Case study

Trainee histopathologist — Dr Ben Challoner

Ben loves the practical work and opportunities available in this specialty. Find out how his training is progressing

How did you get your job as a histopathologist?

I studied a degree in biochemistry before going into medicine. During my first degree I worked in a medical laboratory and met some doctors, which influenced my decision to study medicine.

During the final year of my medical degree I opted for a module in histopathology and found that it really interested me. After two years of foundation training I applied for a job in histopathology.

What's a typical day like?

I receive specimens in the lab, typically organ resections or skin excisions. The diseases that I usually work with are divided into inflammatory conditions or cancer.

I assess the specimen prior to processing and microscope slide preparation. When the slides come back from the lab, I'm involved in classifying diseases. I can be working on a number of cases at any one time.

One day a week I perform a post-mortem to decide the cause of death. I examine the body and organs to look for disease, liaising with the coroner. I sometimes attend inquests, where the circumstances of death are investigated.

I don't have direct patient contact, but contribute to multidisciplinary team meetings, where I communicate with doctors.

What do you enjoy about your job?

There's lots of variety and as a trainee you get to work with all the specialties, although as a consultant you generally sub-specialise.

I enjoy the fact there's lots of practical work, such as organ dissection. There are lots of opportunities to go into research.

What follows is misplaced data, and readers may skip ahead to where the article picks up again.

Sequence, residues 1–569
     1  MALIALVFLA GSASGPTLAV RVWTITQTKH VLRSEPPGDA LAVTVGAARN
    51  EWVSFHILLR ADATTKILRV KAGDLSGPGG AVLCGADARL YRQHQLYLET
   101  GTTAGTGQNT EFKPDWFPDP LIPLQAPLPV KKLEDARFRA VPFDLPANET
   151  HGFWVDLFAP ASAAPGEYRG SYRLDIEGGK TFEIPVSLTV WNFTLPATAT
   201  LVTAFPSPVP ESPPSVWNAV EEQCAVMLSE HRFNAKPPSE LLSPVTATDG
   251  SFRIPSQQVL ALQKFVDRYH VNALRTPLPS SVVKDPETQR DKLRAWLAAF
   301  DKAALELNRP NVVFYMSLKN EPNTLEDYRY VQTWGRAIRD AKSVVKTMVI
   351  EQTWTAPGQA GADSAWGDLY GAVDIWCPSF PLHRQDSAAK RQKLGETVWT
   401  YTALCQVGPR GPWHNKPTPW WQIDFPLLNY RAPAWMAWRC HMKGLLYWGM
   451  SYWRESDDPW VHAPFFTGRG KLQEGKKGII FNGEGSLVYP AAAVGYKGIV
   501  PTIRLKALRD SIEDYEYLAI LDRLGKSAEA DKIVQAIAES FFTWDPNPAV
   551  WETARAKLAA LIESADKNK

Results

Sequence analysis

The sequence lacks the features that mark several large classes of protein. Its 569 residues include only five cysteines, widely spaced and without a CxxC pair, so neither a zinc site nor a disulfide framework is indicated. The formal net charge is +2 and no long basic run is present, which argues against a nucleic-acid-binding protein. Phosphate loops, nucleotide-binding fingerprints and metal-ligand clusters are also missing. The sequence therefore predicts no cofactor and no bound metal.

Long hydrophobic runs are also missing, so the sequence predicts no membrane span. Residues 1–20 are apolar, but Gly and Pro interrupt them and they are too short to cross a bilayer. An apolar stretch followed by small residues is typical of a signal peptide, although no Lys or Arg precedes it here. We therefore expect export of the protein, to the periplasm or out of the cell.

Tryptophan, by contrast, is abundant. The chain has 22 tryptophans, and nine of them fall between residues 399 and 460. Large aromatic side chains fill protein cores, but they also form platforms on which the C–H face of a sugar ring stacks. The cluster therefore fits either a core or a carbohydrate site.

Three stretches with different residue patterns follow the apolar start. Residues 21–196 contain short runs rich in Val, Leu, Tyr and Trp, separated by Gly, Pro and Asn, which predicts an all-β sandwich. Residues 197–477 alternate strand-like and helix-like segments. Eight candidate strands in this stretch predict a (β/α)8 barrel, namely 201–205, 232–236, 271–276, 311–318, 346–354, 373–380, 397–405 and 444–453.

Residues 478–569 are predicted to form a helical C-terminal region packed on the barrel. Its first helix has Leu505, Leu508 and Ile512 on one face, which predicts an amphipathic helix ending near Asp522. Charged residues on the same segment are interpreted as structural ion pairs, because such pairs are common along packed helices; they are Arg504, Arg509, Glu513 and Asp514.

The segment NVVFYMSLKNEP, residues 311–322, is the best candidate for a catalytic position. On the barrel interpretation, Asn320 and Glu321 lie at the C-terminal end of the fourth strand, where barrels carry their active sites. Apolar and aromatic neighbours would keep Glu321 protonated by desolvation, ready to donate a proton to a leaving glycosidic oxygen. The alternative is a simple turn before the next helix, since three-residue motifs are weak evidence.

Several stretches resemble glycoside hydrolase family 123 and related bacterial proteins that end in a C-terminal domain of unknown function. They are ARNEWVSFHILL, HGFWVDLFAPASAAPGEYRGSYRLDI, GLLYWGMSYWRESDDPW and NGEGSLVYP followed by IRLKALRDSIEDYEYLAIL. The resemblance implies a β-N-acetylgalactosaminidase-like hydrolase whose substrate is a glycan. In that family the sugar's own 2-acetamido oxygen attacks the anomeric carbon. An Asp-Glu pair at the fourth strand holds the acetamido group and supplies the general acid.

You also get the chance to have a break in your training, for example, to take a six-month molecular pathology course, which may lead to a PhD.

What are the challenges?

The workload is heavy and I have lots of cases to work through.

When I've sent for further tests and they come back days or weeks later, it's sometimes difficult to keep track.

You're also under pressure to get written reports out to clinicians and prepare cases for multidisciplinary team meetings.

How is the role developing?

I'm in the second year of a five-and-a-half year programme. I'm well supervised and there's always someone to help if I have any questions.

As you go through your training you become more independent. You're more involved in running multidisciplinary team meetings and presenting post-mortem results at inquest. Once fully qualified you're wholly independent.

Any tips for someone who wants to get into histopathology?

As a medical student, make sure you talk to pathologists. Follow the patient's journey and discover how a diagnosis is confirmed.

Also complete a clinical audit (where you compare healthcare practice with guidelines for good practice) or a research project.

Find out more